On Coming Home To The Farm

Remembering a sunny July day
On a freshly turned field.
With a tractor idling forward and
Dragging grandpa’s old stone boat.

I followed along as the sun grows high
Roasting my pale skin brown.
Many hours pass by in endless furrows
With cool earth between my toes.

Quartzite cracked by weather
And tumbled by glacier drift
Buried deep in Dakota Prairie
Then squeezed up from their rest.

Rocks lifted by many seasons
Then tugged from the ground
Carried a short distance
And tossed into the skid.

The engine cracked and rumbled
Misfiring under choke
The flywheel kept a rhythm
While the tractor slowly lurched along.

Water crocks wrapped in burlap
Kept mostly in the shade.
Heavenly liquid provisions,
Were sipped slowly throughout the day.

When the load got too heavy
We climbed aboard the rocks
Headed to a slough bed
And tossed them to the edge.

Through years of toil the pile would grow
And sheltered forms of life
Fox roamed among the cracks
Some dug a family’s den.

The prairie sky keeps shinning down
And it seems the days are hotter
I walk the field and look around
And see more rocks need picking.

– Clarence Holm

2 thoughts on “On Coming Home To The Farm

  1. Picking rocks!! A new crop comes up every spring, so it’s a never-ending chore on a farm with glacial drift. We do have some beauties next to our step that were saved through the years. Two favorites discovered while picking are a small hand-held scraping tool used by the Ojibwe women who lived here long ago and a perfect spherical “grindstone,” that had to be found at the bottom of potholes formed by being caught in a whirlpool of glacial meltwater 10,000 years ago! It makes me wonder if it was carried in someone’s pocket from the Taylor Falls area.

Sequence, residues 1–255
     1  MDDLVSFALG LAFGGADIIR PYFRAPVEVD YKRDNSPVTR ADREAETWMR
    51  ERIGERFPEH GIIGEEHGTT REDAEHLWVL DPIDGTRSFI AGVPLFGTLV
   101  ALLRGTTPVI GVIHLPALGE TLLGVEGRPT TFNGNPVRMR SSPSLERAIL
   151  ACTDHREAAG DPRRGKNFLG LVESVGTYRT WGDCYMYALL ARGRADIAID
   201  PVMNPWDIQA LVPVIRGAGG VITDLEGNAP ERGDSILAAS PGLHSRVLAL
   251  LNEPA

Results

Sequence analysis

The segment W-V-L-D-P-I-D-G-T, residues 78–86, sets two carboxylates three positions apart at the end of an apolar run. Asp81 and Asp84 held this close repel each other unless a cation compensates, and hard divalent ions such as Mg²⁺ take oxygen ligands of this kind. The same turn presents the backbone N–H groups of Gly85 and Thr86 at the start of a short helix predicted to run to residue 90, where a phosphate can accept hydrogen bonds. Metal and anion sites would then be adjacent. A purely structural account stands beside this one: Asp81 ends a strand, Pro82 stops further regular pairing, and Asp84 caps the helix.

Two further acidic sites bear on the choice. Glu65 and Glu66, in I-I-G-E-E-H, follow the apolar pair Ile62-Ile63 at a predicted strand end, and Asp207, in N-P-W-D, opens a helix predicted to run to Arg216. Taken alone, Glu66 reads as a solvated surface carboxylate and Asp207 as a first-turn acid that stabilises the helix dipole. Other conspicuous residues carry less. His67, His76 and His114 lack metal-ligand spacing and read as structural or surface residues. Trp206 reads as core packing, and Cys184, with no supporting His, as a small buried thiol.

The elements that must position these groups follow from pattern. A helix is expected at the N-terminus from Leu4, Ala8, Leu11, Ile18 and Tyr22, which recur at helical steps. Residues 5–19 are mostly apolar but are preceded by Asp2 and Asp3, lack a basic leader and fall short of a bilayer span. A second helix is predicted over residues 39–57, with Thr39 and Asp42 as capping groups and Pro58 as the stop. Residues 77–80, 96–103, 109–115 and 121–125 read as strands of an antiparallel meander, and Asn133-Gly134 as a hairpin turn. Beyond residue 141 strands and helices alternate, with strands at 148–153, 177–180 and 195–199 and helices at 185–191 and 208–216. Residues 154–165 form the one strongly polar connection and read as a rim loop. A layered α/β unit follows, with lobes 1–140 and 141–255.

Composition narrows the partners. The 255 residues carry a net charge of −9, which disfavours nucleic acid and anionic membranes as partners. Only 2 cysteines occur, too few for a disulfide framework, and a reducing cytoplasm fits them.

• We had a pasture near our original family farm than was next to a hill and a slough. the indians camped there for many generations before the white’s moved in. When it rained or wind blew really hard, we found lots of arrow heads, flint flinchings and stone axe heads on the hillside. I’m sure it has been put to corn and ploughed under since I lived there.

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